It is difficult to talk about Sean Newcomb without mentioning the ugly twitter posts that he wrote while he was in high school. Newcomb grew up in Middleboro, Massachusetts, a town that is a couple miles over from where I grew up. Though he is more than a decade younger than me, I would guess that there are some parallels in the worlds we grew up in, and the kinds of people and worldviews we encountered.
 
Small towns in Massachusetts have many qualities deserving of celebration, but they can also feel stiflingly provincial, and narrow-minded in a specific way that is difficult to speak to. There is an anxiety in those places that is palpable, and a deep pressure to hold to a kind of homogeny that doesn’t leave any kind of space for difference. I attended a public high school and I hated it, even if I can look back and recognize that I received an excellent education from dedicated teachers. I had a sense, frequently, that the place where I grew up was existing as a kind of quicksand and I left the first moment I could. I still feel echoes of that when I return; I still feel that pull of inertia.
 
When I read Newcomb’s tweets, I was reminded of a kind of dormant rage that I felt throughout high school. I don’t know Newcomb, and I am certain that our experiences in high school were different. I was not a star athlete, or any kind of athlete. I wasn’t like Newcomb, but I recognize him: I know the kind of kid he would’ve been. The tweets he posted were abhorrent, but I recognize, in that voice, an anger that is at least familiar.
 
Which isn’t intended to let Newcomb off the hook at all. it is important to note that the frequency of these events (Josh Hader didn’t grow up in eastern Massachusetts, after all) extend beyond geographic cultures, and suggest that there is something toxic in the wider realm of high school athletics, some ugliness which seems to encourage regressive attitudes towards racial and sexual difference.
 
I don’t know what I’m getting at, except to note that I'm familiar with the specific area that formed Sean Newcomb, and it has a complexity that you wouldn’t grasp if you just assumed that he hailed from a suburb of Boston. This area was hit hard by the economic crisis of 2008, and it’s been decimated by the opioid crisis. The county voted for Clinton in the last election, but barely: 50.7% of the votes in Plymouth County went to the Democrat.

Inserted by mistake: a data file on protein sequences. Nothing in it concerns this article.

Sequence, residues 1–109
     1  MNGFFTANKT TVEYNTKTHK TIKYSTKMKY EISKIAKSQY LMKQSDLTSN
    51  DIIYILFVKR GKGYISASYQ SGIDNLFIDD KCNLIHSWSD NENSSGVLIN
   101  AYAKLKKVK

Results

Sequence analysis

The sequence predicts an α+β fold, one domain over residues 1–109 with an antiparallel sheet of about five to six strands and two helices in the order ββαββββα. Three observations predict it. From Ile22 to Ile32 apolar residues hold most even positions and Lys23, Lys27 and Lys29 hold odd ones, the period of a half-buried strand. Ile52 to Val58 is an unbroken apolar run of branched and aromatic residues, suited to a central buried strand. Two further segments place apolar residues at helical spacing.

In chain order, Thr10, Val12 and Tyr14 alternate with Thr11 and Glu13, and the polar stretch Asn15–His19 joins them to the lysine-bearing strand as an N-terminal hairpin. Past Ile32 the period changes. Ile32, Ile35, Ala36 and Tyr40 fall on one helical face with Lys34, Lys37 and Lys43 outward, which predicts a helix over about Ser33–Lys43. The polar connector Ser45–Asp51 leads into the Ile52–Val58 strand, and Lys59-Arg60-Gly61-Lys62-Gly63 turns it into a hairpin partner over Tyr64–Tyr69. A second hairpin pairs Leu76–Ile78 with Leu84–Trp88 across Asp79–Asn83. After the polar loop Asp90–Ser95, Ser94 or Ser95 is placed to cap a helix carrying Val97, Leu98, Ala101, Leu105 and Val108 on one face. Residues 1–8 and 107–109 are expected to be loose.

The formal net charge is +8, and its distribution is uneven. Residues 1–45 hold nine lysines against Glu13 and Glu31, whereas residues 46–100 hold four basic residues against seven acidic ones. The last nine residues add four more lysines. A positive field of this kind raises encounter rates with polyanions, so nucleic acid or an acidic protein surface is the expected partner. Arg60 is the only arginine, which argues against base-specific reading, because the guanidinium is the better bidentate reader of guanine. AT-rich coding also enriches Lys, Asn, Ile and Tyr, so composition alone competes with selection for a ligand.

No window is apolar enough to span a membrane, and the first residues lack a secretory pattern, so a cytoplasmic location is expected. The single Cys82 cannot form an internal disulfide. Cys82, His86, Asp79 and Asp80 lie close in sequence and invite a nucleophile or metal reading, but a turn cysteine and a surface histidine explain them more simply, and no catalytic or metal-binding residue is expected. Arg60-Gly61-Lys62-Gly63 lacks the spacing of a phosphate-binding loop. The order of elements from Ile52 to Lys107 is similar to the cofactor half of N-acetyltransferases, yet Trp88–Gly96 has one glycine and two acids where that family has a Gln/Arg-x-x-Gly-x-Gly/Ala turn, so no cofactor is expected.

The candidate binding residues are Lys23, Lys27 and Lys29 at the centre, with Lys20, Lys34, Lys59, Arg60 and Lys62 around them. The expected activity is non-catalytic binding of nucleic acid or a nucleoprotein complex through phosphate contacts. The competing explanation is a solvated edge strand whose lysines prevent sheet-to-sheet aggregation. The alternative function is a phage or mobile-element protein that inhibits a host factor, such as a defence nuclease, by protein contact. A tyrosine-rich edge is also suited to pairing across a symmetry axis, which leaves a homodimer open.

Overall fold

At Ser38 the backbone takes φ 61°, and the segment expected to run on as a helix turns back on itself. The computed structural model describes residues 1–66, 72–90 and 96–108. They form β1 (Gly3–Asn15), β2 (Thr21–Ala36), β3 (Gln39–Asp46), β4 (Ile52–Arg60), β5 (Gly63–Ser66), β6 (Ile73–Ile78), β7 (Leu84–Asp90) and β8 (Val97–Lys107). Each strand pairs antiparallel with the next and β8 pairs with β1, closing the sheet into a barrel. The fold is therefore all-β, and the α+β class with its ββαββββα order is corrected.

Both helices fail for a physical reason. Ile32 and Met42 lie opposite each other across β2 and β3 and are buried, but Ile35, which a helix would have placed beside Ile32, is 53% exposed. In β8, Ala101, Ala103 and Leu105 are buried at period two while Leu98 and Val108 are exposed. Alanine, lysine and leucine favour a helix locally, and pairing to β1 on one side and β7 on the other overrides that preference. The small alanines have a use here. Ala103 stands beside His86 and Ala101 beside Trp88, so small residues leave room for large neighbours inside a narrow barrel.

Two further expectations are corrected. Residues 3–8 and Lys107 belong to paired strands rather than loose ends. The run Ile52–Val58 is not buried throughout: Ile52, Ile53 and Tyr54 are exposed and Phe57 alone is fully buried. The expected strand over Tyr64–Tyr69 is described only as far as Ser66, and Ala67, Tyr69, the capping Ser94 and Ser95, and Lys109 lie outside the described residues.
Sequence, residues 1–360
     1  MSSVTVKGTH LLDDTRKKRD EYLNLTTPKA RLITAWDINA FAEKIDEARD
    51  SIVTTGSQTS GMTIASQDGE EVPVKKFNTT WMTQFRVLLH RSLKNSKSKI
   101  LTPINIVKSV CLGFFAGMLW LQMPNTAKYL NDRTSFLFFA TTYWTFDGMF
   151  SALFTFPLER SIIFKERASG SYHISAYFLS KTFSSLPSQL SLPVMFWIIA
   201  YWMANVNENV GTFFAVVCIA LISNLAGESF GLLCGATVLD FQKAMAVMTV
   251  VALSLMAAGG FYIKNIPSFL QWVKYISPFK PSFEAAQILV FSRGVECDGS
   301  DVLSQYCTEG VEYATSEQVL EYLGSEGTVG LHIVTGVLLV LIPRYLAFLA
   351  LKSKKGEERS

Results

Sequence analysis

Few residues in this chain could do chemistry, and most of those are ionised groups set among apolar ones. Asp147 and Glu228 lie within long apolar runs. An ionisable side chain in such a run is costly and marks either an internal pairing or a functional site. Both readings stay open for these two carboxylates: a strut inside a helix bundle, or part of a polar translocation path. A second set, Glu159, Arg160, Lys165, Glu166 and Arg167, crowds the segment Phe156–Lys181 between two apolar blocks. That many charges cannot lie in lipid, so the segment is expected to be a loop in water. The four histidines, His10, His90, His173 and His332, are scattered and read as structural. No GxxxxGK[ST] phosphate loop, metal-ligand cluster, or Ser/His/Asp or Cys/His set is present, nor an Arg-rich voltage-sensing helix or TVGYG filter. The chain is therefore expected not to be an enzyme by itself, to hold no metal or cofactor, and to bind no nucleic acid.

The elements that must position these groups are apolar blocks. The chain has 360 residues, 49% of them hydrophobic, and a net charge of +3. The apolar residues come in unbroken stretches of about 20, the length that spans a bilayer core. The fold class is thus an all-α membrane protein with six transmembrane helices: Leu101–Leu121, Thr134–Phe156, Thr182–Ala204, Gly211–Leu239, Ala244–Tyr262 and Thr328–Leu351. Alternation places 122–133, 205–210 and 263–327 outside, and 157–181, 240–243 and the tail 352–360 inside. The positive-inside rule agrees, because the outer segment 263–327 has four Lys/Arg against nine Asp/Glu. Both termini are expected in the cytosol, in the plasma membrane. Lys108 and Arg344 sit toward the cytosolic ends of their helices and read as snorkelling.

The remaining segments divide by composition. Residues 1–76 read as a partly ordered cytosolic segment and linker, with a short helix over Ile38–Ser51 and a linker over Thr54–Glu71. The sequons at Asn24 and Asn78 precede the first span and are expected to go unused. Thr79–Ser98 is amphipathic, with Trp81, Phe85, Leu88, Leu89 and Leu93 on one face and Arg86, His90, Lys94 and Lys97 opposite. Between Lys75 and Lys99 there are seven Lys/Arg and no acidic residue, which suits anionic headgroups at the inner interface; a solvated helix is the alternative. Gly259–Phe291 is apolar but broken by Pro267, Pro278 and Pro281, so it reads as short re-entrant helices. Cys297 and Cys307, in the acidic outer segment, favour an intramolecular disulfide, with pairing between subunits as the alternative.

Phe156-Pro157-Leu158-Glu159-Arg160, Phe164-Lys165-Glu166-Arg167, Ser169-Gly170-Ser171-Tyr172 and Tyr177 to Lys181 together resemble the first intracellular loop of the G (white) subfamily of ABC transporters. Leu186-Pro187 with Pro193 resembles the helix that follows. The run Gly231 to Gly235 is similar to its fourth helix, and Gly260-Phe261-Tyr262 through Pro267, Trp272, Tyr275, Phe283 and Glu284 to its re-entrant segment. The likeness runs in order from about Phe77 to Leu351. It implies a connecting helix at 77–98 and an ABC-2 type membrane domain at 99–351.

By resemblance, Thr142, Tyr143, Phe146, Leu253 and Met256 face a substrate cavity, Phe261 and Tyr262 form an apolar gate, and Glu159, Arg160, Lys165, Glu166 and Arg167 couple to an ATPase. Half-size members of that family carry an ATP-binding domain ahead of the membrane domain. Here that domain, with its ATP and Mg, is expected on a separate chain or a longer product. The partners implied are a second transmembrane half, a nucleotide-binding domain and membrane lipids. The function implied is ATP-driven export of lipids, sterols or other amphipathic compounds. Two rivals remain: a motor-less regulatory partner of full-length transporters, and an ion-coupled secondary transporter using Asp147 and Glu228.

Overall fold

Well, that’s one point.
 
On a less dramatic note, I have a lot of questions regarding draftees going directly into the minors after a heavy college season. This seems like another thing that every team is doing these days: they draft a kid coming off 100-120 innings of college ball (plus a few scattered playoff innings), and they drop him into Single-A ball to toss thirty or forty innings. I wonder whether this is such a great idea…I wonder if it wouldn’t be better to let the draftees take a break and rest their arms a little. No sense in rushing things along.
 
I am interested in pairing other comparable draftees, and looking into their track records. Matt Harvey and Chris Sale and Drew Pomeranz were comparably rated pitching prospect when they were drafted in 2010…how do their records compare? David Price and Madison Bumgarner were close draftees….first and tenth in 2007. What was their usage patterns in the early years of their careers?
 
I remember that Bill made a comment in one of the Historical Abstracts that good players don’t need a lot of time in the minor leagues, and that the notion that a Willie Mays or a Mike Trout would benefit from further seasoning in the minors is silly. I believe that this is true of elite hitters, but I wonder if there is a benefit to pitchers to not get rushed through the system so aggressively. With first-round picks, the trajectory seems very aggressive: a player will play in two or three different levels of minor league ball before hitting the majors in a year. Understanding that college baseball is a good parallel to minor league baseball, I still wonder if it’d be better to do what the Rockies did with Freeland: let the kid have a year in the minors, and then put him on the roster on Opening Day.
 
 
And I question, very much, the decision to make starting pitching prospects only start. Of the four pitchers listed here, only Freeland has had any experience out of the bullpen. All the rest have been used as starters exclusively.
 
On one level, that makes sense: if you have a shortstop, you want him practicing at shortstop…there’s no obvious value in having him practice in leftfield.